Slovenia faces a battle to form a coalition government after an anti-immigration opposition party came top in Sunday’s parliamentary election. With nearly all votes counted, the Slovenia Democratic Party (SDS) has 25% of the vote amid a fragmented political landscape.
The right-wing party of former prime minister Janez Jansa is estimated to take 25 seats in the 90-member National Assembly. Turnout is put at around 52%, only just above a record low in 2014.
“(Our party) puts Slovenia, Slovenians first,” Jansa said after the early results came out.
The SDS may struggle to build a coalition as its hardline stance on immigration has left it short of potential coalition partners. Slovenia’s President Borut Pahor has said he will give the party with the most parliamentary seats the first shot.
“The Slovenian Democratic Party is open for cooperation. The time ahead will need cooperation. Our door is open when it comes to dialogue and cooperation as has always been the case when the Slovenian Democratic Party formed the government," said Jansa.
However, he will not be helped by the second-placed List of Marjan Sarec (LMS), which won just over 12% of the vote and 13 seats.
"I congratulate the winner and wish him luck in assembling the government. However, we will stay true to what we said during the campaign: we will not join any government with the SDS,” said Sarec, the centrist mayor of Kamnik.
The only party that has so far said it will work with the SDS is the centre-right Nova Slovenija (NSi), which won 7.1% of the vote. But the SDS would need another 9 or 10 MPs to have a majority.
Migration formed a central role in the election campaign. Janez Jansa enlisted the support of Viktor Orban, prime minister of neighbouring Hungary whose clampdown on migrants and self-proclaimed “illiberal democracy” has put his country into conflict with the European Union.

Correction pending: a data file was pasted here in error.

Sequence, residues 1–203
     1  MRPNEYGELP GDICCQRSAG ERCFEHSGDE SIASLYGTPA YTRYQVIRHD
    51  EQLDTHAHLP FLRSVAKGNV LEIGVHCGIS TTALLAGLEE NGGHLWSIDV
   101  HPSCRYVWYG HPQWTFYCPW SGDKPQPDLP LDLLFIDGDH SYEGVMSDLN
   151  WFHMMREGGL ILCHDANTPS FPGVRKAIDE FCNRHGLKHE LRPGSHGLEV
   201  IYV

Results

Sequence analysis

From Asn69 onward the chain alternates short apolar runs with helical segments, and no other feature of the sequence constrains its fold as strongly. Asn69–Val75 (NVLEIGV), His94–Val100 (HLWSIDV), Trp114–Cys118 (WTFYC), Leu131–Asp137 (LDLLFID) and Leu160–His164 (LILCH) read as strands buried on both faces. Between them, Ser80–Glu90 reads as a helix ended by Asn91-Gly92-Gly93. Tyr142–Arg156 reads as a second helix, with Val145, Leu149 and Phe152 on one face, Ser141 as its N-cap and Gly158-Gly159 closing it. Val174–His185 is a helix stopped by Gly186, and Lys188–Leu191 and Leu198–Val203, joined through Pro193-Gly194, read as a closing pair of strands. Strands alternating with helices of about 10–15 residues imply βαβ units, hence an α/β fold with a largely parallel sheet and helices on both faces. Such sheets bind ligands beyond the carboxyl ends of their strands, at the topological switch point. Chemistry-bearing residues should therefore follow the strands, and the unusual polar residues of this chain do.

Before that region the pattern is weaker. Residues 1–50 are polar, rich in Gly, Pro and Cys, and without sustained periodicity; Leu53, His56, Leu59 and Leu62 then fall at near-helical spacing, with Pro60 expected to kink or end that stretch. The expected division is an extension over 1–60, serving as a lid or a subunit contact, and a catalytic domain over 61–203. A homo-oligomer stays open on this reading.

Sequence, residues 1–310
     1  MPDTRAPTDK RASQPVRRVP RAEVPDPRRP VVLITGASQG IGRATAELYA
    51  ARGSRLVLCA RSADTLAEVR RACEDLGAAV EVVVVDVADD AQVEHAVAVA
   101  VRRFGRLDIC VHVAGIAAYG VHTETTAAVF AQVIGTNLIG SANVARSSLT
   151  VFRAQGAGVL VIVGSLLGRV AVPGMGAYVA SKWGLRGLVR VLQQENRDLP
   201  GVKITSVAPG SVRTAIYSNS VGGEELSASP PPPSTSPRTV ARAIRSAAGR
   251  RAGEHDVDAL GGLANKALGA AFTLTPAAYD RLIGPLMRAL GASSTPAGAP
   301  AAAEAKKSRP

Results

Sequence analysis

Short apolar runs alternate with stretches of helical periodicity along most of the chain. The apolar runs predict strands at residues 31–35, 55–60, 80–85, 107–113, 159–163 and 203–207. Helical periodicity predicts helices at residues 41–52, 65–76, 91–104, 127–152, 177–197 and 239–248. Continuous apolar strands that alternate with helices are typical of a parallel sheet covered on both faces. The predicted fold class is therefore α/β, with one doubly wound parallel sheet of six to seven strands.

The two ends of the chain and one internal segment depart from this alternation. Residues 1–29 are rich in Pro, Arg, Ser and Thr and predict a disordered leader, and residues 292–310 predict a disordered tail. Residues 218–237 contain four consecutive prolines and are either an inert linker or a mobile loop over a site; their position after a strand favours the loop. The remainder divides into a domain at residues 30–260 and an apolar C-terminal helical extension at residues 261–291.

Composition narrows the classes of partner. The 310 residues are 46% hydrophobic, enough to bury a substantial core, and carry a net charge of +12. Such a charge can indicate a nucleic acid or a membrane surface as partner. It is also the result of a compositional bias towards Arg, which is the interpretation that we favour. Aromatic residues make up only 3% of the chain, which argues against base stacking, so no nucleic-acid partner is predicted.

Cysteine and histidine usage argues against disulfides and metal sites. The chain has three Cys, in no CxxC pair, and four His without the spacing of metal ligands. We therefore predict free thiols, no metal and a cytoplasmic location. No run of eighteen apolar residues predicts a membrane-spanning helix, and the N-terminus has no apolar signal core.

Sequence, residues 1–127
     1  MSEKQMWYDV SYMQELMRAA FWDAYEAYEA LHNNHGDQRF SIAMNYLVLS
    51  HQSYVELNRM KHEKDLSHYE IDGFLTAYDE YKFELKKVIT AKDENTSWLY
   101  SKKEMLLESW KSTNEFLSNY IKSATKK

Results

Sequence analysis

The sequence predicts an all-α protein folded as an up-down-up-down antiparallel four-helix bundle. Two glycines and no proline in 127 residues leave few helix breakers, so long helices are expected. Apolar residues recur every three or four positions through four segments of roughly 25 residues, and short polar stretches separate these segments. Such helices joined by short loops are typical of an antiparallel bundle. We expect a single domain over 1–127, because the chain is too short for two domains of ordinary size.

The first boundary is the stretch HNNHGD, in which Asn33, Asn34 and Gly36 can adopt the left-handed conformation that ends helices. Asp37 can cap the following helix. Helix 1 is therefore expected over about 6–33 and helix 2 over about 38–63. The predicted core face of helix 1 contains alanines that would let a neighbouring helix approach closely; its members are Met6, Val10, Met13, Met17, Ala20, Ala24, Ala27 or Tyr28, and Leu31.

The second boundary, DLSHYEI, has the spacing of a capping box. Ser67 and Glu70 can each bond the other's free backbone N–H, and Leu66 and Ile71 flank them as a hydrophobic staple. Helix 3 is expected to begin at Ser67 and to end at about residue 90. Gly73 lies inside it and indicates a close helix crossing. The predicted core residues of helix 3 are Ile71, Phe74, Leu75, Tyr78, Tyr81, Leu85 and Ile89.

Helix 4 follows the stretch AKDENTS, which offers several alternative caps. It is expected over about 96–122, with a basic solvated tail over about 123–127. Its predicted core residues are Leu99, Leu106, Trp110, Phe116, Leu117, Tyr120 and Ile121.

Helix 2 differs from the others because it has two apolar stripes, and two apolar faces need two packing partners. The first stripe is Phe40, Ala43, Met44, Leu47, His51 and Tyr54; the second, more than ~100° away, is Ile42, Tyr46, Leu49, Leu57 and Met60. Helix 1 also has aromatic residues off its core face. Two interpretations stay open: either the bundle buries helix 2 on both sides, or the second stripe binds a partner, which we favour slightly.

There were echoes of Orban’s rhetoric and tactics in Slovenia, where one SDS poster depicted migrants and refugees behind a 'Stop' sign.
The largely alpine nation was affected by the 2015 migration crisis when Hungary closed its borders. Hundreds of thousands of people passed through Slovenia but few stayed, and since then the former Yugoslav republic has accepted only a minority of asylum seekers.
Jansa has vowed to work to improve conditions in countries where migrants come from, to cut taxes and root out remnants of corruption from the communist era. However, the SDS has been hit by its own scandal recently over a loan it was forced to return.
Jansa spent six months in prison in 2014 following a bribery conviction, but was freed after the Supreme Court ordered a retrial that didn’t happen because a 10-year time limit expired. He has denied wrongdoing.
‘Everything and the moon’
The election was called in March after centre-left Prime Minister Miro Cerar resigned. His Modern Centre Party (CMC) trailed in fourth on Sunday with under 10% of the vote, and only a projected 10 seats in parliament.
The campaign was criticised, with one observer accusing parties of “promising everything and the moon” to voters.
“No commitment is too off-the-rails, no slogan is beyond the pale and no lie too bald-faced to serve the purpose. Sometimes it feels as if everyone involved just went off the rocker a bit,” wrote Slovenian commentator Aljaz Pengov.
While Janez Jansa's SDS party looks set to struggle to form a coalition, so too may its rivals. The election saw disillusionment with the last coalition’s ruling liberal and left-wing parties.
Analysts say predicting what the future government will look like is hard and some believe another election cannot be ruled out.